The Guide To AIP Travel: Road Trips

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Traveling while on an elimination diet like the Autoimmune Protocol can be challenging at best. In this series, I will be covering three areas of travel with AIP — road trips, plane trips, and international trips. 

Part 1: AIP Road Trips

This article will serve as a resource for those who are traveling by car. We’re starting here because I feel that road trips are the easiest way to travel while in the elimination phase of AIP. Of course, you can’t always get away with a road trip (especially if your destination is quite a distance, or if you don’t have someone to share the burden of driving), but you can pretty easily accommodate your food and comfort needs.

Why is road tripping so autoimmune-friendly?

Less inflammation. I don’t know about you, but traveling through busy airports and sitting on crammed flights always has me needing a day or two to recover. While road travel can be difficult too, especially over long distances, I find that if I keep time on the road to five hours or less per day and make sure I have plenty of time to stop and walk around I feel a huge reduction in fatigue and puffiness. More often than not I arrive at my destination ready to enjoy what it has to offer, instead of needing to rest or spend time recovering.

More packing space. You can take so much more in a car than you can in your luggage when traveling by plane! Beyond being able to bring a good amount of your own food, you can also have room for cooking tools, not to mention other items that might make managing your illness while traveling more bearable (like a heating pad or foam roller).

Bringing food is easy. You don’t have to worry about going through security and can pick up ice at just about any gas station, so you can pack a cooler full of goodies and keep them cool for days without a refrigerator if you need to. There is no restriction on the liquid items you can take. Plus, there is that space benefit again!

I just LOVE road tripping! I can’t always get away with driving everywhere, but I definitely go out of my way to plan as much around my preference to driving than flying.

Examples of trips I took while I was on AIP

I wanted to share some of the road trips I took when I was in the early days of my recovery and still in the elimination phase of AIP. The first year following my health crisis, I wasn’t strong enough to travel by plane, but I wanted to spend some quality time with my husband and experience a little change of scenery.

Olympic National Park – my husband and I rented a cozy cabin for two nights near the national park which was a 4 hour drive/ferry ride from Seattle during winter. This was the first trip we took after my health crisis, and I wasn’t well enough to do any hiking or adventuring. We brought all of our food with us and cooked it in the cabin with our own pots/pans. We walked around the nearby town of Port Townsend, drove to Hurricane Ridge in the park for a gorgeous snowy overlook, and spent a lot of time resting, reading, and knitting.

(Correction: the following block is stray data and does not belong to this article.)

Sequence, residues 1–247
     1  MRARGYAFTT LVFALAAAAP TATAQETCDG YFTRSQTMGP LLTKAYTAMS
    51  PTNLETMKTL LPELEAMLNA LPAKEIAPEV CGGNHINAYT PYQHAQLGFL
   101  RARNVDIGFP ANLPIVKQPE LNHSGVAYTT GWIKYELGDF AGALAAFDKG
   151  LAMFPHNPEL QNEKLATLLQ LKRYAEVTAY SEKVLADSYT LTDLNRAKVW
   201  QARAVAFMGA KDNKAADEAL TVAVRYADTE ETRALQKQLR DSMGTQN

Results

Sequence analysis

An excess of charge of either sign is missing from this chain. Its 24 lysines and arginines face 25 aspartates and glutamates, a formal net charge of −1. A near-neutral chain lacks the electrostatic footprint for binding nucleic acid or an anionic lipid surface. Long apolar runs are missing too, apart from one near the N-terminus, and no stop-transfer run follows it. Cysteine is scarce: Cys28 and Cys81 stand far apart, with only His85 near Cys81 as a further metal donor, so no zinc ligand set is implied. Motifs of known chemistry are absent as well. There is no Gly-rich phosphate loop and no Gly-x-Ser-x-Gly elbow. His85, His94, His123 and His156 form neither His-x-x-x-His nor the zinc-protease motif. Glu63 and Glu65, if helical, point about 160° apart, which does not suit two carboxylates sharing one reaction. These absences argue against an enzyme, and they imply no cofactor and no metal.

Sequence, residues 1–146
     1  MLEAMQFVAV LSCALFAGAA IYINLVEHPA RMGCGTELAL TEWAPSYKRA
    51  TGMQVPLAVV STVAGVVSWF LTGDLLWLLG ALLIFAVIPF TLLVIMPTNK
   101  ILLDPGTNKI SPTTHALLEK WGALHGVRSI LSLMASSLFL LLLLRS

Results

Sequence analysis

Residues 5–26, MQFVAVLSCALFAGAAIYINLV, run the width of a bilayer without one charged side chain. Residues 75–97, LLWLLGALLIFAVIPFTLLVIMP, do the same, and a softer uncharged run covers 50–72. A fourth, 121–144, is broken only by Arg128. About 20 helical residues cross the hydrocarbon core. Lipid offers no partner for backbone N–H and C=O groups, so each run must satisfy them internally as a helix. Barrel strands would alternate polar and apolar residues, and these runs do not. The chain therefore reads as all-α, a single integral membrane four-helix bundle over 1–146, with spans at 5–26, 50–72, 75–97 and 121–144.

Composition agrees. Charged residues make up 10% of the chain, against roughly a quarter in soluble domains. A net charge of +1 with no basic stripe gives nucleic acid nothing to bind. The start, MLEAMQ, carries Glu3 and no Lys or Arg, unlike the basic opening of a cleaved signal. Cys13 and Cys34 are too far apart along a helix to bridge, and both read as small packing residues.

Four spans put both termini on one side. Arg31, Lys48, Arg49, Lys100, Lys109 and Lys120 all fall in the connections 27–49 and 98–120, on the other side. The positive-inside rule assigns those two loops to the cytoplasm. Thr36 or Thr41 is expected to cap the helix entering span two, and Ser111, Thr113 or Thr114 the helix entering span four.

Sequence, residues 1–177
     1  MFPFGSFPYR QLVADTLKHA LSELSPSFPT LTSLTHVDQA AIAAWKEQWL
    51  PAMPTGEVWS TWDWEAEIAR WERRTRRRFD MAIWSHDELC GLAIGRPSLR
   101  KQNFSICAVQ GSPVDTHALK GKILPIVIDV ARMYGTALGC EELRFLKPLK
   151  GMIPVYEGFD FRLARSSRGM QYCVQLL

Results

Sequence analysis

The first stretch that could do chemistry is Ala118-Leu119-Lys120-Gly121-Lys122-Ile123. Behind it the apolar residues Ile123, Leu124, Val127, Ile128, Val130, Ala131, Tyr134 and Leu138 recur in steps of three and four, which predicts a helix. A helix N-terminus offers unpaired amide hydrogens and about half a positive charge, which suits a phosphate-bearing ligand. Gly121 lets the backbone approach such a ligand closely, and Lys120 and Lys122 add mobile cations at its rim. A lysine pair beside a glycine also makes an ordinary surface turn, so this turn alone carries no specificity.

Washington Coast – this trip was a little longer than the last, five days and 8 hours driving, and we drove down the Washington coastline staying at two different rentals at different locations along the way. Like the trip before, we brought all of our food/tools and cooked everything we ate at the rentals (no eating out). I had some more energy for this trip and it was spring time, so we did some short (~1-2 mile) hikes on beaches and at the various national parks.

California Road Trip – this was a two-week trip that differed a little from the previous ones because we stayed with a lot of friends and family along the way. We did most of the big drives in 5-6 hour days. We brought a lot of snacks to eat in the car for this trip, but since we were going to be in areas with great grocery stores and accommodating restaurants (LA and SF) we didn’t bring any ingredients with us. We also stayed with friends and family who were either gluten-free themselves, or worked with us to ensure their kitchens were safe, so we didn’t bring any cooking tools.

You can see as my health improved and I got better at planning and executing a trip that where I would both have my food and health needs met, I started to branch out and expand a little.

Planning your trip

Before we get into a discussion of tools for travel and what kind of snacks to pack, there are some things you should think about before you even start planning your road trip. Here are some things I consider early on in the process:

Will my accommodation have a kitchen? AirBnB and VRBO are two websites that I use regularly to rent apartments and houses when I travel, paying careful attention to the kitchen and provided tools. I can swing a night or two without a kitchen if I have to, but really feel most comfortable supporting my own food needs when I have a space to cook. At the minimum, I look for a refrigerator/freezer to give my ice packs a “recharge” and a way to heat things up if needed.

Will I need to bring any of my own cooking tools? While I do stay at rentals that have cooking tools provided, I like to take precautions to be extra sure about gluten cross-contamination and make sure I am set up properly to cook my own food. I’ve brought my own cast-iron skillet, chef’s knife, cutting board, and Instant Pot with me on road trips before.

What kind of grocery store options are available in my travel area? If I will be traveling to a remote area, I might have to pick up groceries on my way in or bring items with me. I like to make a list of shopping options before I go, along with my meal plan so I can accurately gauge if I’ll be able to find those items where I’m going.

Will I need to bring any of my own ingredients? In addition to tools, I might want to bring my own cooking oils, like a small bottle of olive and/or coconut oil as well as some of my favorite spices. If I will be traveling somewhere that I am are unsure of finding compliant or high-quality meat, I might consider bringing some with me to cook when I reach my destination.

Will I be eating out at all during my stay? If I know there are some restaurants where I am going that can accomodate AIP, this will decrease the amount I’ll need to rely on my own cooking. I investigate options before my trip so that I know what to expect and can pack appropriately.

Tools that make road-tripping way more fun!

You can take a pretty minimalist approach to your car travel and get away with just a cooler, but if you are going to be spending an extended amount of time in the car, or are going to be bringing a bunch of food with you, some of these items might make things easier.

A quality cooler. I use this 20-quart cooler from Rtic to keep my food cold when I travel. The higher quality the cooler the better it will be at keeping your food cold for long periods of time. I also like the capacity – not too large for me to handle, but large enough to take some meat with me in addition to my travel meals.